In the last few years, several amazing Parkinson’s heroes have become the face of the Parkinson’s community world-wide. Super heroes like American Ninja Warrior Jimmy Choi, Matt Eagles, diagnosed at 8 years old, who has created Parky Life and has filled some of the void in the UK left by the passing of Tom Isaacs. Linda K Olsen, a triple amputee with Parkinson’s, lives an unimaginably full life in spite of her disabilities. Carol Clupny, has hiked on The Camino in France and Spain, covering a 1000 miles in 4 different treks and cycled on a tandem bike with hubby Charlie in the annual RAGBRAI bicycle race across Iowa 3 times. Tim Hague won the Amazing Race Canada with his son, overcoming many PD induced obstacles to win.

We can’t all aspire to what they have accomplished. They are definitely the outliers. However, there are many people in our community who we can look up to and are our everyday Parkinson’s Heroes. Here are a few that I know personally. I hope to follow up with several more in the coming weeks.

Dancing Through Parkinson’s

Linda Berghoff was a dancer who began to have difficulty doing turns and other dance moves. Once she was diagnosed with Parkinson’s Disease, she started looking for solutions. Because her children live in NY and she is in LA, she searched in both cities for ways to improve her life. She heard about David Leventhal and his groundbreaking work creating a dance program for People with Parkinson’s and immediately contacted him. She trained with him so that she could teach the program once she was back in LA. Her closest friend’s daughter had started a dance company in LA, so Linda proposed that they take on this program. Today, with Linda’s guidance, Invertigo Dance Theater offers 6 classes weekly in different locations in Los Angeles, reaching hundreds of people .

Soaring With Hope for PD

Naomi Estolas, Clara Kluge* and Amy Carlson* are the forces behind SOARING WITH HOPE FOR PD, which really was the centerpiece of the WPC in Kyoto. Their stories are intertwined beginning with the WPC in Portland (more about that later).

Naomi was diagnosed April 2015, however her symptoms go back to 2010, when she started experiencing slowness and movement that was not as fluid as it should have been. She learned that she had Parkinson’s during her work lunch hour. She and her husband were in shock and didn’t know much about Parkinson’s. Naomi decided immediately to start her personal fight against PD. Within the first month of being diagnosed, she attended 2 PD conferences and found the support group that she still goes to.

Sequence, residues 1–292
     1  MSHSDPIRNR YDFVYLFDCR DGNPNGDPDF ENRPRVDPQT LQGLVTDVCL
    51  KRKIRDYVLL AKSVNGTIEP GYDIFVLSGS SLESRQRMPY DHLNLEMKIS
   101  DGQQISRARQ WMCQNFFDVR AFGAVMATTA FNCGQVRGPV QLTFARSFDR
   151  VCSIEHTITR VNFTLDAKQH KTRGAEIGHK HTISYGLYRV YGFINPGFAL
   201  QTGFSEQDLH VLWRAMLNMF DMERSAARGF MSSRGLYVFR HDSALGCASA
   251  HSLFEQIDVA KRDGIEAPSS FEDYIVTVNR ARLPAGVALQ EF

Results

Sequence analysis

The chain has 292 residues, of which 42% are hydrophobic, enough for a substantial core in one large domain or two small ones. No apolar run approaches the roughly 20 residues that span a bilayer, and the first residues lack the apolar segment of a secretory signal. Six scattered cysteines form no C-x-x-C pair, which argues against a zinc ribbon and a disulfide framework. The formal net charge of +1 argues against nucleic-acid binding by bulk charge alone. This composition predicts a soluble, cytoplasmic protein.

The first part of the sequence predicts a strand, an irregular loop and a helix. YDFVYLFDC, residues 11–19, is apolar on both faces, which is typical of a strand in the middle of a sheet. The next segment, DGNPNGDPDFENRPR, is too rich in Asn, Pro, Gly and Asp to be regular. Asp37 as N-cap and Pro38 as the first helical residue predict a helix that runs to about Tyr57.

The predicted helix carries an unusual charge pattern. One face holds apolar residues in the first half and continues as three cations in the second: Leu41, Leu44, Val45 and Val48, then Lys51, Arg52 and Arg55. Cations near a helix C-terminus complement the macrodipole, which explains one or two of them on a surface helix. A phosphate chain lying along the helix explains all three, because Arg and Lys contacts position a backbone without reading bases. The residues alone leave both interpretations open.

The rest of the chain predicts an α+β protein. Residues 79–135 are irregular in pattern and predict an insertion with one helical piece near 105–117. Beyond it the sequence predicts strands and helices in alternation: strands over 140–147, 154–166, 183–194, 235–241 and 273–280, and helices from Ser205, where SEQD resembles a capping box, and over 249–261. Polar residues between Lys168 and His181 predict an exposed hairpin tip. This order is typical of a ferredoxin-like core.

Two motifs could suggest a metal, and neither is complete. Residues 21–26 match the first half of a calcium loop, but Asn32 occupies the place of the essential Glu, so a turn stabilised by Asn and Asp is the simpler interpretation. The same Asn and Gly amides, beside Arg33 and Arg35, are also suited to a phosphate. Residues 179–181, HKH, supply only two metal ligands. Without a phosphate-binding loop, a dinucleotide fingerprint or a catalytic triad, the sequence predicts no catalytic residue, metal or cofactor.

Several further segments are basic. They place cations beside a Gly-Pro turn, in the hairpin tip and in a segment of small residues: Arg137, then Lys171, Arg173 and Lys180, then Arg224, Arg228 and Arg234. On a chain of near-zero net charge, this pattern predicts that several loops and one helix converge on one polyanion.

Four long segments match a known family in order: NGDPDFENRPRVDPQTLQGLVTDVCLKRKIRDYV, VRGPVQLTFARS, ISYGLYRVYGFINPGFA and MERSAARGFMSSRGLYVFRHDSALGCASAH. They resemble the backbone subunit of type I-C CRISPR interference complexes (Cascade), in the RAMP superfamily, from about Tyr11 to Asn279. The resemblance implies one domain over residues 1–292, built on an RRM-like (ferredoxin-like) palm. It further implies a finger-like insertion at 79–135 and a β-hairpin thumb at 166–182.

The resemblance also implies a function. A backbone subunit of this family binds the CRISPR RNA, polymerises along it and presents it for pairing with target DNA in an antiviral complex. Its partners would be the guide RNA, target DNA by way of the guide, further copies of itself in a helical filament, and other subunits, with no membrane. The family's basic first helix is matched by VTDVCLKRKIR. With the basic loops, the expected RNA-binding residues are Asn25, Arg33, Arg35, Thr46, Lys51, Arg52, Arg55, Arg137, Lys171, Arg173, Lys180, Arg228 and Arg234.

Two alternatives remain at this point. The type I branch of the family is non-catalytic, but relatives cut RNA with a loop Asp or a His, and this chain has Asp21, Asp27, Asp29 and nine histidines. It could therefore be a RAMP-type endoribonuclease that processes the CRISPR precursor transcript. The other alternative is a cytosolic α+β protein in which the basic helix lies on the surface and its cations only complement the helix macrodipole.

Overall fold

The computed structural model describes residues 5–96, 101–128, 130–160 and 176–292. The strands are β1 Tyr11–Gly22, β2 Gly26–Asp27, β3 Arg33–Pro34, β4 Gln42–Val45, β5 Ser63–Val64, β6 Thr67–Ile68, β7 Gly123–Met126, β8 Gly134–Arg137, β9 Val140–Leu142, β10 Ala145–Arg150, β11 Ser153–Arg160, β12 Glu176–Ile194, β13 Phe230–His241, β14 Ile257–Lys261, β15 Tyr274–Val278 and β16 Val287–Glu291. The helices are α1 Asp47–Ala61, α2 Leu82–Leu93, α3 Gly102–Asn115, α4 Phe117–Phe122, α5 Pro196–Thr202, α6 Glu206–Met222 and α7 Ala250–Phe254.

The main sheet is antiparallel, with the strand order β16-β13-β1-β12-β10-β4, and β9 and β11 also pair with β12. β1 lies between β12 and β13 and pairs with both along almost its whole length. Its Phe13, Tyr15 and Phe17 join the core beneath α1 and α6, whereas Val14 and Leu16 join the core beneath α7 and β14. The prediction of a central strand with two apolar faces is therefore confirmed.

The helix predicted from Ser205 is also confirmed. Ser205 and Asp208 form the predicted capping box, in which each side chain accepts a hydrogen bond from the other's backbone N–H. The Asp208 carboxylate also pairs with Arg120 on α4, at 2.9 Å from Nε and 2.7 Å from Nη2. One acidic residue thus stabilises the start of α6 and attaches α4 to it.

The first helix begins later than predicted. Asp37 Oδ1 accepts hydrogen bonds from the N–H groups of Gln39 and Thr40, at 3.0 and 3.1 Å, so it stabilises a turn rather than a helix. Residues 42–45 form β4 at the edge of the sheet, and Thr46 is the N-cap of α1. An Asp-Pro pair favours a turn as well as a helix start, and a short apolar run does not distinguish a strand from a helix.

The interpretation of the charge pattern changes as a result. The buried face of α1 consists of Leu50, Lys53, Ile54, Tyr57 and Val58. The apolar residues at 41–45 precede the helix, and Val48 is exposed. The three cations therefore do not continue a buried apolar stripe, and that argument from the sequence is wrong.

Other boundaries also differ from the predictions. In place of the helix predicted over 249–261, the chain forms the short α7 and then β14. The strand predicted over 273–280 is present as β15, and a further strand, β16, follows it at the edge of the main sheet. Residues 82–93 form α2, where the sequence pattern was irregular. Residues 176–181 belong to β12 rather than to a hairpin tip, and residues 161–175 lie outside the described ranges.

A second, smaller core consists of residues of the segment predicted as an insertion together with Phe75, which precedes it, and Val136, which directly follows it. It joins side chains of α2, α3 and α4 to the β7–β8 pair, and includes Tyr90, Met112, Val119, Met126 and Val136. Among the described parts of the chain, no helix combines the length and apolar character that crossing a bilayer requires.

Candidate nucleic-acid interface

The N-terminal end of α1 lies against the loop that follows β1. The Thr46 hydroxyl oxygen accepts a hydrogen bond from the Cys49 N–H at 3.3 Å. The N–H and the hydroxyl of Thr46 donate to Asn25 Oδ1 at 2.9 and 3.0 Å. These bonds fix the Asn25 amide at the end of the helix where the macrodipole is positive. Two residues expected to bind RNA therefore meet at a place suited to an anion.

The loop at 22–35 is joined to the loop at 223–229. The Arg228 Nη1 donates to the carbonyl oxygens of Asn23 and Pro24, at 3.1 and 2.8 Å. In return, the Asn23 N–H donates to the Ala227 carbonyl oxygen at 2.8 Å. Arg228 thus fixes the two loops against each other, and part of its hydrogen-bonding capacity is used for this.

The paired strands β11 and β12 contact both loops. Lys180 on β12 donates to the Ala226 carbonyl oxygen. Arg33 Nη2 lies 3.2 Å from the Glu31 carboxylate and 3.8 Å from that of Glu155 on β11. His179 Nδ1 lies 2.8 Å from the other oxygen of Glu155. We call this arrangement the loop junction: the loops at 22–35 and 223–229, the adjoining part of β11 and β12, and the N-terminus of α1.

The three women were introduced to each other by Trish Lowe*, a woman with Parkinson’s who is a support group facilitator. They met at Lineage, a facility run by Amy for PwP’s, at a screening of the documentary film SAVING GRACE with David Levanthal.  The three of them went to Portland together for the World Parkinson Congress in September 2016. I was fortunate to be able to spend a lot of time with them in Portland and saw how quickly they mobilized others when they decided to do something. Naomi approached Anders Leines, a photographer with PD whose work was on display, to take a photo of a group of people with PD in front of one of his photo-murals. She and Clara spent the next two days recruiting people to participate at the designated time. The photo below was featured as a highlight of the WPC by Parkinson’s Life, a UK-European website.

WPC highlights lead
Photo by Anders Leines
Naomi and Clara, bottom left, Twitchy Woman, center

Soon after the WPC ended, Naomi thought about doing a project for the next WPC in Kyoto. SOARING WITH HOPE FOR PD came into being with the goal of making 10,000 origami cranes representing HOPE. Naomi, whose mother is Japanese, had 1000 origami cranes representing Hope on display at her wedding. So 10,000 should be attainable for the WPC, right? Naomi recruited Clara and Amy to help get the project going. Naomi worked nearly fully time on this project for the next 2+ years, again quickly reaching out to others, including school groups, to make many of the cranes, educating them about PD. They also reached out to PwP’s living in many other countries to send cranes with messages of hope written on them. The end result was many more than 18,000 cranes hanging from umbrellas, with messages from around the world in many different languages. The display at the WPC was magical, to say the least.

In a separate, but related project, Clara, who loves to dance, sent out a request for videos of original crane dances by PwP’s. She received so many that she has over 50 hours of videos. Many were shown at the Soaring with Hope for PD display at the WPC. She is currently working on a documentary about the project.

Naomi’s Parkinson’s journey consists of ups and downs day-by-day and even hour-by-hour, even with the challenges she always tries to do the best she can and LIVES LIFE in the present. Her hope is for each of you to do the same. 

Who are your Parkinson’s Heroes?

Do you know someone who should be recognized as a Parkinson’s Hero? Please email me at twitchywoman18@gmail.com with their name and why you think that person is a hero. I would love to share what they are doing with all of you.

*Clara Kluge, Amy Carlson and Trish Lowe will be featured in a future blog post. They are all remarkable women who are Parkinson’s Heroes.